The title of the study is, "Seeing beyond Violence: Children as Researchers". The aim was to find out how children from various different cultural backgrounds define non-violent places, where they feel safe and secure. The thinking behind this was to use the documented examples of non-violent places to fashion strategies for the creation of a peaceful world.
Accompanied by three - adult- researchers, 40 girls and 31 boys set out with digital cameras to capture just such places and situations. Why cameras? Visual methods avoid some of the language or cultural problems, they allow you to make visible, things that sometimes cannot be explained in words and finally, this new technical development in digital photography is an uncomplicated, cost-effective and manageable method.
This study took place in SOS Children's Villages in Columbia, Nicaragua, India and Thailand. The participants were from the ages of 9 to 13. The only criteria for taking part were: that the children wanted to take part in the project and that the age range and gender mix were as fairly balanced as possible. What do the children's photographs show us?
The results can be evaluated on both material and immaterial levels. The photographs show clearly that unspoiled nature is important for children's well-being: water, flowers, trees and birds are all visible. People and relationships have been captured - family life, brothers, sisters and friends. It is important to be part of a community and to have the chance to dance, to play and to hold celebrations. Freedom, safety, peace, spirituality, laughing and even learning were all documented.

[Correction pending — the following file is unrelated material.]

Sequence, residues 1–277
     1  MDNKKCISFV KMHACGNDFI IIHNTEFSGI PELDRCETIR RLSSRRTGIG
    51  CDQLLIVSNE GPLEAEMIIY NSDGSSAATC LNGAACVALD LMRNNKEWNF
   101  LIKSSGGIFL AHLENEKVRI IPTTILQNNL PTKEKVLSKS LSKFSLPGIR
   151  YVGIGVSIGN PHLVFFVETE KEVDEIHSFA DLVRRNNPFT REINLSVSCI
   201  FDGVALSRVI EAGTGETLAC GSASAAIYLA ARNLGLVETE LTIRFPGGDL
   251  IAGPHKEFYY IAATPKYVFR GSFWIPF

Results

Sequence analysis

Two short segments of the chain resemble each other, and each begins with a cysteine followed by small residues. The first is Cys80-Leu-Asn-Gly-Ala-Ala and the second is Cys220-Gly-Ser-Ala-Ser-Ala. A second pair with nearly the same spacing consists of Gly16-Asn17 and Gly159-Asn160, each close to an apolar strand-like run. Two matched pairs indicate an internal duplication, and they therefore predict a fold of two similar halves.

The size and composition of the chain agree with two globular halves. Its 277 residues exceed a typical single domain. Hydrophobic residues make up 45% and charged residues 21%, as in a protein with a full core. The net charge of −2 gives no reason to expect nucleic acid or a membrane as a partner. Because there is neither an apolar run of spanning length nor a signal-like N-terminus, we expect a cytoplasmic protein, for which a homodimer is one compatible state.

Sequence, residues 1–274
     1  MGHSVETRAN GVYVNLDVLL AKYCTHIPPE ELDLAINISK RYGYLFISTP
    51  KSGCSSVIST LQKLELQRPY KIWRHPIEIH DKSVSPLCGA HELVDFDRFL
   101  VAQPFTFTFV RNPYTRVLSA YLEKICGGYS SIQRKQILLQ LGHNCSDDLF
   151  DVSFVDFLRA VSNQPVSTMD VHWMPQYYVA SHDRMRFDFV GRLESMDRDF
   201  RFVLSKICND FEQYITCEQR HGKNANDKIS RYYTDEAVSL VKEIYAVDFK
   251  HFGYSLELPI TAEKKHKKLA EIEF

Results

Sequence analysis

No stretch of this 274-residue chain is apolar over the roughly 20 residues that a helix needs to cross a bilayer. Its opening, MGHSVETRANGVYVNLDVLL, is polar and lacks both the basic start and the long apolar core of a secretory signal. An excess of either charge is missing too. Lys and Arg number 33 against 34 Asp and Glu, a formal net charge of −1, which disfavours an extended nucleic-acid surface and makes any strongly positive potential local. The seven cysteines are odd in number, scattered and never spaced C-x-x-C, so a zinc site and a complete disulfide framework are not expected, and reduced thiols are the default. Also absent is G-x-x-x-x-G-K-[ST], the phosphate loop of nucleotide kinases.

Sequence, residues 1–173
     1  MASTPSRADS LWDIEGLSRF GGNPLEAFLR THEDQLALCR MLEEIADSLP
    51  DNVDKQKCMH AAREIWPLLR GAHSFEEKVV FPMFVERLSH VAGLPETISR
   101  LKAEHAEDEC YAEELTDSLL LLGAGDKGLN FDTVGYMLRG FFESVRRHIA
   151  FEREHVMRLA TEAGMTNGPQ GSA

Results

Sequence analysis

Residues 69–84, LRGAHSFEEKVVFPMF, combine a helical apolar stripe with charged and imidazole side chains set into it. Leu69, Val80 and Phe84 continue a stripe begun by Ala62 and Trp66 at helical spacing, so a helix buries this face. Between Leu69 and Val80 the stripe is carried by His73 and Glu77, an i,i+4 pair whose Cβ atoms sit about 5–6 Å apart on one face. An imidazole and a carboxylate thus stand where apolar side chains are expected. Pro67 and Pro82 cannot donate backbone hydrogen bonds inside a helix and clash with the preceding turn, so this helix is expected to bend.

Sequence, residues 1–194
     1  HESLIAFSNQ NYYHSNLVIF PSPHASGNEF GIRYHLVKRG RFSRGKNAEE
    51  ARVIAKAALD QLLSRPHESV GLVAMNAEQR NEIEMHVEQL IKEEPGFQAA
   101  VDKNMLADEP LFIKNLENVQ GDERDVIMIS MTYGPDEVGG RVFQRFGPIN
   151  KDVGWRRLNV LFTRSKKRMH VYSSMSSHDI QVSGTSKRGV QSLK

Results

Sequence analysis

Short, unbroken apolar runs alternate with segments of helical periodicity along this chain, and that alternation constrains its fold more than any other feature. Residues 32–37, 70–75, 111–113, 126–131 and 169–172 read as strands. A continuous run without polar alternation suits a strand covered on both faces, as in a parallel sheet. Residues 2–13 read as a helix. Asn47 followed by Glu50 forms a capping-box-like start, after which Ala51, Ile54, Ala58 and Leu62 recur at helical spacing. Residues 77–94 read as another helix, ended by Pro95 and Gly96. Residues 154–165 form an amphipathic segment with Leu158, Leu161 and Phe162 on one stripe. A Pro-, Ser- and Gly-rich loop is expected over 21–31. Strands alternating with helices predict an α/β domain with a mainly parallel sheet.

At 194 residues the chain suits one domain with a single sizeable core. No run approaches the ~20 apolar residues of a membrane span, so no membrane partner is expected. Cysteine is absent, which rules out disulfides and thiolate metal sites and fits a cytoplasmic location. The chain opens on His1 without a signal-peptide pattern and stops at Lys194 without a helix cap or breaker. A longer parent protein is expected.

The two following quotation, comments the children made about the photographs they took, show the breadth of impressions:
"The people are walking quietly down the street. They are not being robbed; they are not arguing; they are not doing any bad things." (Gilda, 11 years old)
"It is wonderful to get a hug from mum, because it makes you feel like a child." (David, 10 years old)
Even if some people may ask themselves to what extent the children are reproducing preconceived pictures, the three researchers are convinced that the subjects of the photographs reflect the children's real desire for an improved world. They could form the basis for strategies to transform our society, away from an exploitative one towards a sustainable, fair and free one. For this reason, the three researchers have recommended further and more far-reaching studies take place, in order to capture children's perspectives. For this method as such is a contribution towards a changing society by permitting children to really participate and supporting them, as well as taking their opinions seriously.